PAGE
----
Monday, August 20, 2007


Kurdish-Shia political alliance meet with Sunni leader

(CNN) -- The leaders of a new Shiite and Kurdish political alliance met with a top Sunni Arab leader Saturday, raising hope for a breakthrough to curb factional violence in Iraq. Tariq al-Hashimi, a Sunni and one of Iraq's two vice presidents, met with the other leaders ahead of a political summit that Prime Minister Nuri al-Maliki has been planning.
The meeting started in the late afternoon and lasted for a few hours, and it may resume on Sunday, al-Maliki's office said. Al-Hashimi's office said they agreed on the summit's agenda and who will attend, as well as some similar issues. Al-Maliki's fractious
government has been beset by walkouts and the parliament has been unable to agree on major legislation.
Lawmakers were alarmed when six members of the Iraq Accord Front, the Sunni bloc, walked out several weeks ago. Backroom negotiations have been going on ever since. The Bush administration is concerned about the central government's political problems. "Unfortunately, political progress at the national level has not matched the pace of progress at the local level," President Bush said in his weekly radio address.

Al-Maliki signed a political agreement Thursday with three other leaders -- President Jalal Talabani of the Patriotic Union of Kurdistan, Kurdish regional government leader Massoud Barzani of the Kurdish Democratic Party, and Shiite Vice President Adel Abdul Mehdi of the Supreme Islamic Council of Iraq. The purpose was to create an alliance of moderates, particularly ahead of next month's report to the U.S. Congress on the state of affairs in Iraq. Gen. David Petraeus and U.S. Ambassador to Iraq Ryan Crocker will deliver the report.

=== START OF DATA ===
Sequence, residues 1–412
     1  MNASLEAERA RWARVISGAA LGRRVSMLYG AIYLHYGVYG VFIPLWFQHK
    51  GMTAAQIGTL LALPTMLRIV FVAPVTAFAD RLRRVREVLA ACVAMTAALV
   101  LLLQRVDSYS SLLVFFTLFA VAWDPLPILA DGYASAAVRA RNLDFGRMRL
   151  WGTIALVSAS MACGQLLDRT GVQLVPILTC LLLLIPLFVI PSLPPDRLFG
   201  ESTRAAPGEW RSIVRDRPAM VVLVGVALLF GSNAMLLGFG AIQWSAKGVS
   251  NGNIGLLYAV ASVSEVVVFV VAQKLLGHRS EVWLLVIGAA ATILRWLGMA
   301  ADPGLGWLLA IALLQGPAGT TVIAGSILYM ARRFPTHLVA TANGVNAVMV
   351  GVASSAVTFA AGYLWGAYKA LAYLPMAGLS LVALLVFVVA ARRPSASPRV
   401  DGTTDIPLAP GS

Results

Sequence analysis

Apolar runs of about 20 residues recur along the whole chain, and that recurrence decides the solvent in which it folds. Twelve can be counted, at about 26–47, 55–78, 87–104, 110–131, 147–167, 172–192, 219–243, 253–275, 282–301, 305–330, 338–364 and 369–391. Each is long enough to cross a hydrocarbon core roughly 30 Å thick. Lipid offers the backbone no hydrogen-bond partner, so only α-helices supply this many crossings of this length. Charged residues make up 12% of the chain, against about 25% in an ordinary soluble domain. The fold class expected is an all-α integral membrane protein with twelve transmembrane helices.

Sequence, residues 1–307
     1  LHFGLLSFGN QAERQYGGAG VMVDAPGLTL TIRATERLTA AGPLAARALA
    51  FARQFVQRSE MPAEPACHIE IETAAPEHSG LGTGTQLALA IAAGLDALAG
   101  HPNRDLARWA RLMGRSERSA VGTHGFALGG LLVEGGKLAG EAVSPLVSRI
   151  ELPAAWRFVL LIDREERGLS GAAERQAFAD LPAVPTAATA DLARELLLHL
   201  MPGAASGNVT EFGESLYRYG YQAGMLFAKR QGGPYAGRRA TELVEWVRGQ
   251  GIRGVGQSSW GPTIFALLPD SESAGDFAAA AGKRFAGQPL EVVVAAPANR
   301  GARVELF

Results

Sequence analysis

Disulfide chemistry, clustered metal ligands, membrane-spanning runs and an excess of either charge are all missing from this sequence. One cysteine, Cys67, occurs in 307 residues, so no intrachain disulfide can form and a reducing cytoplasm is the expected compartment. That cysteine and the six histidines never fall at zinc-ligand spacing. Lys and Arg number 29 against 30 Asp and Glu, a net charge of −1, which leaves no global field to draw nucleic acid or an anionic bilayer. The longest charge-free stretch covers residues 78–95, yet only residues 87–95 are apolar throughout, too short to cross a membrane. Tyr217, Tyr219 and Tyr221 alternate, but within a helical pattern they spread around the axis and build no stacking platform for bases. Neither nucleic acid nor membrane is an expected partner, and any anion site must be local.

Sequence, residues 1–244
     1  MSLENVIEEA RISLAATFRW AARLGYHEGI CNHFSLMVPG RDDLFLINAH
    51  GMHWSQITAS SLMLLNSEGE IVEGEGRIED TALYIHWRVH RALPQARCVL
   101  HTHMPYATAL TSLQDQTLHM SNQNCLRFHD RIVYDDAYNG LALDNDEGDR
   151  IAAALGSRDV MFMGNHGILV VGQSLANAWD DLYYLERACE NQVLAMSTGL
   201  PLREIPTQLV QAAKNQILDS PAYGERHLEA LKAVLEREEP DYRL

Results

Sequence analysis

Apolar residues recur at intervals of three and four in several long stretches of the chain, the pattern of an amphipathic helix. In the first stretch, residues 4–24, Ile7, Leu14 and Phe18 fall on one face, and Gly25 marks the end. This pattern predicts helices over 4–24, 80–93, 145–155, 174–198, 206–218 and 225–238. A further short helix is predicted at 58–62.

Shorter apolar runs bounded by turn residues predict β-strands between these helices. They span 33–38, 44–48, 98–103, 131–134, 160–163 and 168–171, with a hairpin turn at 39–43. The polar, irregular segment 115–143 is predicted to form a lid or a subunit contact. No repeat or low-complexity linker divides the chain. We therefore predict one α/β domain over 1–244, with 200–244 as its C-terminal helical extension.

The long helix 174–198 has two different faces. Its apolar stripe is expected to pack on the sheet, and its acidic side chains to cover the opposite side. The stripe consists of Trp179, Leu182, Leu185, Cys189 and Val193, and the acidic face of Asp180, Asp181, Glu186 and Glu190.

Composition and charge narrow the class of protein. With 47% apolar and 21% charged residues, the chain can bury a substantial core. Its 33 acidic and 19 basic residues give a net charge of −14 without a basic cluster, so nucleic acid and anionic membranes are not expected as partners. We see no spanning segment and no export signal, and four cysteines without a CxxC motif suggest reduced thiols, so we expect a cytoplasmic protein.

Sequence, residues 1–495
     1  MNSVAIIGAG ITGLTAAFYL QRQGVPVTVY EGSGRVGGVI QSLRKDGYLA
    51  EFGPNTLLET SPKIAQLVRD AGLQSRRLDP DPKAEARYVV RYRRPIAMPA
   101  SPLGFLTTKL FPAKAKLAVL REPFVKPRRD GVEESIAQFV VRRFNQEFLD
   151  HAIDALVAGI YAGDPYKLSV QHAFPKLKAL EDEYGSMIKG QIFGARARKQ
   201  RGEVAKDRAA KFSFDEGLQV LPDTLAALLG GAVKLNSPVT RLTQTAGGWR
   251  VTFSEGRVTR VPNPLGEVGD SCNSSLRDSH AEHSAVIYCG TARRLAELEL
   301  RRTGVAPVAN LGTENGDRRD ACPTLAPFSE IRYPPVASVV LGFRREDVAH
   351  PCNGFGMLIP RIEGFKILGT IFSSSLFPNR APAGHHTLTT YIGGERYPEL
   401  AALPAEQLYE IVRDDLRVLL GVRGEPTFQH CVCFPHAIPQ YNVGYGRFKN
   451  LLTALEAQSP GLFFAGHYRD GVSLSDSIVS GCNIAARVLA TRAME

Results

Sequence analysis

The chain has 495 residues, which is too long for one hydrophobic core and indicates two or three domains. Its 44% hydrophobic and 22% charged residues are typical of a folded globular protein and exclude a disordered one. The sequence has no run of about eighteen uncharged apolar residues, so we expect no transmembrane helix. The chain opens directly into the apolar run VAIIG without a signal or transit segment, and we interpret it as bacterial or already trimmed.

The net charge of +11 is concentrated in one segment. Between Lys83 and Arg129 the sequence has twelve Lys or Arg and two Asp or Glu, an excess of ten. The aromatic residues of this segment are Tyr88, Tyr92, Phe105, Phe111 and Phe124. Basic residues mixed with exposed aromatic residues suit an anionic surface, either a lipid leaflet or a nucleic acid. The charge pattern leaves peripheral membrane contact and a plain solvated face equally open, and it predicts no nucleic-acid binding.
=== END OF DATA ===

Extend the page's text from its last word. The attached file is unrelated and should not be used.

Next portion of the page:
Al-Hashimi did not show up at Thursday's meeting. His party, the Iraqi Islamic Party, is the largest in the government coalition and his presence in the new alliance is regarded as a major step in forging a national consensus. But on Saturday, Al-Hashimi and the four leaders who signed the agreement on Thursday discussed the political crisis and ways to resolve their differences.
Al-Maliki will travel to Syria on Monday for a three-day official visit to the Arab neighbor, his first. His delegation will include the ministers of trade and oil. Earlier this month, he visited Iran. Both Iran and Syria have been criticized by the Bush administration. The U.S. administration says that Iranian Revolutionary Guard agents are supporting Iraqi insurgents -- a claim Iran denies -- and accuses Syria of not doing enough to stop militants from crossing the Syrian border into Iraq to stage attacks. Nevertheless, Iraq has signed agreements with Iran on building oil pipelines and maintaining border security and has sought to establish ties with Syria.

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